Amanda: I couldn't find it on YouTube, but I just spent about an hour looking at old XTC videos. (Infuriatingly, I couldn't find "Senses Working Overtime.") I love XTC even more than I love Adam and the Ants, but it was always "okay" to like them, so I felt no Music Shame.

Fikri: I should have mentioned that you were a big inspiration to me in dismissing the idea of guilty pleasures. In fact, I think the words "Fuck irony, man," came out of your mouth while we were talking about this once. Your motto sums up in six words what it took me over 1000 to try to express.

Minty: My first shipment from the RCA Record (cassette, in my case) Club included "Ghost in the Machine" and "Abacab," and I don't remember what else. I think I had requested "Beauty and the Beat," but it was out of stock. I never owned "Friend or Foe," but a lot of the stuff from it ended up on "Antics." The first time I ever tried to make a tape full of dancable music for a party, much of the stuff I put on was pretty ineffective. But the minute "Goody Two-Shoes" came on, there was a huge collective stampede to the dance floor. People didn't even have to think about it; they just heard the "bang-a-BANG-a-bang-a-BANG-a-bang-a-BANG-a-bang-a-BANG-a" and the "doot doot doot de doo-doot" of the opening and their lizardlike hindbrains took over. It was beautiful. I learned something that night.


I am a big old snob (and I reserve the right to contradict myself, too) but shopping at snottier-than-you indie record stores for many years gave me an "f-you, supercilious clerk" attitude for a while. Now I either buy music at CD Alley (where everyone is nice) or online, where no one will give you the You Are So Uncool Look for buying..whatever.

I loved Abacab, and I knew it by heart. Foreigner 4, too.


I used to be a musical fascist, and I looked down with disdain on those with other tastes. But then I discovered girls. In the early 80s, I wanted to impress one such girl (she had a rattail) so I got tickets to an Adam Ant concert in Fayetteville. I kept trying to social engineer my way past the hotel security (I even grabbed some cases and tried to blend in with the roadies but got busted) to win her heart with back stage access. Despite failing at that (and ultimately with the girl) I really enjoyed the concert, and since then I tend to find something with almost any artist and genre that I can appreciate.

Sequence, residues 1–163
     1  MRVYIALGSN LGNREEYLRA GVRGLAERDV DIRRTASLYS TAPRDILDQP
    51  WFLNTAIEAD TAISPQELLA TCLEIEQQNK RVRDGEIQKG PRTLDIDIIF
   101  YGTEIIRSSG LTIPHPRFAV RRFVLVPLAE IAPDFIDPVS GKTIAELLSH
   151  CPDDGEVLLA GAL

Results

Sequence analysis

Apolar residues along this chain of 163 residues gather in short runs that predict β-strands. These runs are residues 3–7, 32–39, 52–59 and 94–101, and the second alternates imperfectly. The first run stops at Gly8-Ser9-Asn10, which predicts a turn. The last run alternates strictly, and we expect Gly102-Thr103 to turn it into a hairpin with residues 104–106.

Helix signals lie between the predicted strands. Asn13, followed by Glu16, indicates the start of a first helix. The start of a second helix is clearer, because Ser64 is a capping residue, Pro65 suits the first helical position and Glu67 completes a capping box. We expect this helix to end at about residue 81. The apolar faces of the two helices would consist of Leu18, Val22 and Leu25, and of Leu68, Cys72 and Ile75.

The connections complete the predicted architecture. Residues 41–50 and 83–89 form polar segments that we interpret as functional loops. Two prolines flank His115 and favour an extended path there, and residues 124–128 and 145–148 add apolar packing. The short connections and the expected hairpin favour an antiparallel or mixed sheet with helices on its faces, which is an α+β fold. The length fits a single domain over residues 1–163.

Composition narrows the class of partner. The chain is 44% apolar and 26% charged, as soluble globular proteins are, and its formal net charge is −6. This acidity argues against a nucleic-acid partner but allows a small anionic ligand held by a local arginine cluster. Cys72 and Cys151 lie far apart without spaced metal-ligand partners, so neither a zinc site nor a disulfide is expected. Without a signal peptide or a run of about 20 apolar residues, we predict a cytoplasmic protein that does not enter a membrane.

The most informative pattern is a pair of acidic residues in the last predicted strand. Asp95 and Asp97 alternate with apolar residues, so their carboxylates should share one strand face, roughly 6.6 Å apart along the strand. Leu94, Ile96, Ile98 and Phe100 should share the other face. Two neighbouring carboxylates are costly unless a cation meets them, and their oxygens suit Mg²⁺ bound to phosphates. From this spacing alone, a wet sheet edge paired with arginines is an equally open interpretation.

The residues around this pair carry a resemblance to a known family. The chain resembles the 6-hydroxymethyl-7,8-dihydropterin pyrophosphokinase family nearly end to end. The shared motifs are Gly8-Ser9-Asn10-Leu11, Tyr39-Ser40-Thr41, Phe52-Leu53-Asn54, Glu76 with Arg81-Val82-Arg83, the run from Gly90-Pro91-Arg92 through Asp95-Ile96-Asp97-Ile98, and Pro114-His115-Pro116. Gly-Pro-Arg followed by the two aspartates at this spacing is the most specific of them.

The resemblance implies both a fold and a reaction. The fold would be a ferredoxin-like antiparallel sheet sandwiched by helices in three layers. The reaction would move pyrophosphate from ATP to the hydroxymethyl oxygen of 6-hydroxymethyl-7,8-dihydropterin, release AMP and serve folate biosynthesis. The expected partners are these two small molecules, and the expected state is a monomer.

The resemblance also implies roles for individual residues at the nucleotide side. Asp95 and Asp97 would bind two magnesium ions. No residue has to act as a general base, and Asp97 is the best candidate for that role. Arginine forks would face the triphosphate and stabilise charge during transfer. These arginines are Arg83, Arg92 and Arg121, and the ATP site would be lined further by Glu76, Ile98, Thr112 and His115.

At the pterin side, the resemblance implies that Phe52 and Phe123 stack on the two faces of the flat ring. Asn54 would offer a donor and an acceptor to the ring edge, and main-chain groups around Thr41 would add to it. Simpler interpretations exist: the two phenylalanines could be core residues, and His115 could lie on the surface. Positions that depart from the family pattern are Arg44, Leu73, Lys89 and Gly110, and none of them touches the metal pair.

I will take this opportunity to finally admit to others (as I just recently admitted to myself) that I have been a closet fan of Phil Collins for many years. Only the love songs, though. Not all the Sussudio bullshit. And that I recently bought a cd called "Phil Collins Love Songs". And that I listen to it a lot.

I'm trying to ditch the shame here, but no dice.

La BellaDonna

I had maybe three assorted albums when I was in high school, and yet, curiously enough, I was not lacking in personality. Just albums.

Through my life, much of what I really, really like has wandered far off the beaten path, and I just didn't care what people thought, because, most of the time, they don't.

And Phil Collins has excellent love songs.


I still have a soft spot in my heart for Duran Duran. When I replaced my stolen "7 and the Ragged Tiger", I made sure to buy it from the snootiest place in town. 'Cos I like being sneered at by people making money selling stuff they hate. Or I'm a glutton for punishment. Either way.


I saw Duran Duran play at the House of Blues for the reunion tour in 2004 - I waited 20 years to see them (they were the sole reason for my being during their heyday). It was me, a gazillion other 30-something women, their misfortunate significant others, and a bunch of gay guys. It was awesome. And, oddly enough, the second loudest concert that I've ever attended (Metallica being the loudest).

But now, I have to admit, I'm a total music snob. With secrets!


Back when Jerry and I were sharing a high school, I used to write "Adam and the Ants" (with the requisite backward D) on the blackboards at the beginning of my English and algebra classes. I even learned got Mrs. Wentz to show me how to (sort of) do it in Latin. One day I was mocked by Copland Arnold who wrote "Phil and the Pharts" on the blackboard. I felt no shame. Only pride.

"Ridicule is nothing to be scared of", indeed.